Just to make sure, here is the data flow from the Internet into your house:

phone lines on telephone pole or cable from cable company >> dsl/cable modem >> router/gateway >> switch >> patch panel >> every machine in your house.

Wedo
 

Deathknight

Member
Joined
Sep 8, 2002
Location
Chicago
9mmCensor said:
For a Firewall, what about a Server running as the Firewall. Get an old box, put a striped downversion of linux on it and a firewall, then put it in your closet with your switch and you can share files an stuff to, and fold with it... plus tehn you can say you have a server room :)

This is the best option in my opinion. I am running IPCop on an old 266mhz machine and I love it.

As for patch panels, well they are nice but not 100% neccessary. I think they are more useful in an office building where there is a ton of cable ran that you might need to connect and disconnect. It certainly would add a nice finishing touch, and would be easier to label and keep track of which cable is which but you could also terminate your cat5 with rj45 connectors and just plug them right into your switch/router. The fact that you are going to have this all in a closet in your bedroom though might be reason enough to go with it. If you will be looking at it every time you get dressed...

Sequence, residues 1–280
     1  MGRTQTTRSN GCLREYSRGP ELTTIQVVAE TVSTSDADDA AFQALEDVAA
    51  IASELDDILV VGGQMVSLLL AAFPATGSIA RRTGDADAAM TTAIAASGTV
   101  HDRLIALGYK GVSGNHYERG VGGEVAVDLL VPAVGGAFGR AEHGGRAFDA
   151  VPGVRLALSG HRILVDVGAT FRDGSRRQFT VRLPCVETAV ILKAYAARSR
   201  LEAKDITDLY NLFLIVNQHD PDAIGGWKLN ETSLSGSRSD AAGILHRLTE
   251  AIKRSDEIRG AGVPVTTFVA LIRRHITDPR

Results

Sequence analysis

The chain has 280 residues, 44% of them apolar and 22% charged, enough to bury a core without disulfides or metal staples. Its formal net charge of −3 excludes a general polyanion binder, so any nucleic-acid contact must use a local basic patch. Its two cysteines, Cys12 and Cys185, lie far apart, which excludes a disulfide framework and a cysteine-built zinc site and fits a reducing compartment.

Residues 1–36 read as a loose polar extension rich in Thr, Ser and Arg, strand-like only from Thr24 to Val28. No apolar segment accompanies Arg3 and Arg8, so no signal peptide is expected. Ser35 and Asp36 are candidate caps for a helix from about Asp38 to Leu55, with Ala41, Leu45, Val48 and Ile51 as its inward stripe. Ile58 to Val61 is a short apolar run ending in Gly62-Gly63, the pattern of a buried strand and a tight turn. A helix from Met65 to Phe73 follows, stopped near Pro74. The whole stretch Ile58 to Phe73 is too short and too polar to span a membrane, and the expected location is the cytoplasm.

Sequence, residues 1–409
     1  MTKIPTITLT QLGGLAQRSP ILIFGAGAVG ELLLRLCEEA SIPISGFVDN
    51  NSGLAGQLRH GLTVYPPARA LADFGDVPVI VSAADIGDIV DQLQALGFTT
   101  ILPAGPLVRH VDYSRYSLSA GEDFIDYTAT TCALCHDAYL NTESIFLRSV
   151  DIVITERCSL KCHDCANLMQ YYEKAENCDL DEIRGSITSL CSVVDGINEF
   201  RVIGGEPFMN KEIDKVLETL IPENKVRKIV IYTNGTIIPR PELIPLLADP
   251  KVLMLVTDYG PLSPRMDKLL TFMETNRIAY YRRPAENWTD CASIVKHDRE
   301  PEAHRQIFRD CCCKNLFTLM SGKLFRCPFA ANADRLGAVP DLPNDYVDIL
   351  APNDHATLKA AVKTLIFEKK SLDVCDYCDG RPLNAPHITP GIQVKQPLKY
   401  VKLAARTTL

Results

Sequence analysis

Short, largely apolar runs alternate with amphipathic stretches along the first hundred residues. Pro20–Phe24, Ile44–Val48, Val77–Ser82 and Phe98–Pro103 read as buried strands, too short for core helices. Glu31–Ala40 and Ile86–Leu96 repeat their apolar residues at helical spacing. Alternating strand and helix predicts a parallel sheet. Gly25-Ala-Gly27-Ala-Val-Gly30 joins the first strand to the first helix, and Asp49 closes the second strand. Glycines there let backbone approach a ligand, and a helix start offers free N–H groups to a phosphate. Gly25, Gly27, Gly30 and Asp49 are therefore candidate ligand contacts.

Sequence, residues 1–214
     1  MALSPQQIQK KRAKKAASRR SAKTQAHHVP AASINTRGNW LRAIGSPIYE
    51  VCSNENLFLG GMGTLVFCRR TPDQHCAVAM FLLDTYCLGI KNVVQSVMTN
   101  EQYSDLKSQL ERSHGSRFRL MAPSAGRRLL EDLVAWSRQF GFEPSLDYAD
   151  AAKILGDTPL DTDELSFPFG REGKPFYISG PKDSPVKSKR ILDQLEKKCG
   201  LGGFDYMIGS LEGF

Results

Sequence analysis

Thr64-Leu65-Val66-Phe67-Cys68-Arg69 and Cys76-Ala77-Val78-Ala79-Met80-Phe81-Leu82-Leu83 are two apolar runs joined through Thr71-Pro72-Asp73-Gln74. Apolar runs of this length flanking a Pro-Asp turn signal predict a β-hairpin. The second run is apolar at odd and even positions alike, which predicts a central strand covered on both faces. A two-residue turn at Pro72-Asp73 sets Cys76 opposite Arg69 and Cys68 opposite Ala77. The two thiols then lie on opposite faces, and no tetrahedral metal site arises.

AMD Phreak

Member
Joined
Apr 2, 2003
Location
255.255.255.255
http://www4.tomshardware.com/network/20030630/index.html

That is a link to tomshardware and a pretty in depth explanation of home networking in a NEW house. I recomend reading it.

As for cabling, i would spend more and invest in cat6, along with cat6 rated jacks, of your choice, which can include an RJ-45 conection, RJ-11 using like cat5 or even cat3 if it is just voice only, and even a cable connection on some models. Toms explains all of this and has lots of photo's.

I would recomend having a patch panel installed, again cat6 rated. This should be in a room or even in a closet that doesnt get used. You want to touch wiring as little as possible once it is installed, to prevent wear and tear of it. The patch panel runs network lines to your networking hardware in the closet, ie firewall, router, switch, hub, modem, or any combo of the above.

In the punch down side, the wiring goes out to all of the rooms hidden in the walls, and is terminated in the wall jack. From the wall jack, obviously it is run to the apropriate appliance. The only interface made to the wiring is via jacks and patch panels, so the in wall wiring is not disturbed; i.e. flexing and bending. If you can afford it, spend extra and get patch cords that are made using stranded wiring, as they flex and are less prone to failure.


These are all just suggestions i have, as i have been doing alot of research on the subject myself. I am getting ready to install a patch panel and clean up the wiring at my parents house so it is not a mess. Feel free to email me, as i have more sites that talk about wiring and such of houses.
 

cobray

Member
Joined
Sep 21, 2003
I used to pull cable for commercial sites.

What you need to do is identify the central point where all the cables will meet, like in the basement somewhere. Preferably away from your breaker box or any source of noise (including flourescent lighting). Try to keep the cable lengths as short as possible. Also where they terminate in each room leave at least 1foot of "slack" in the cable to work with.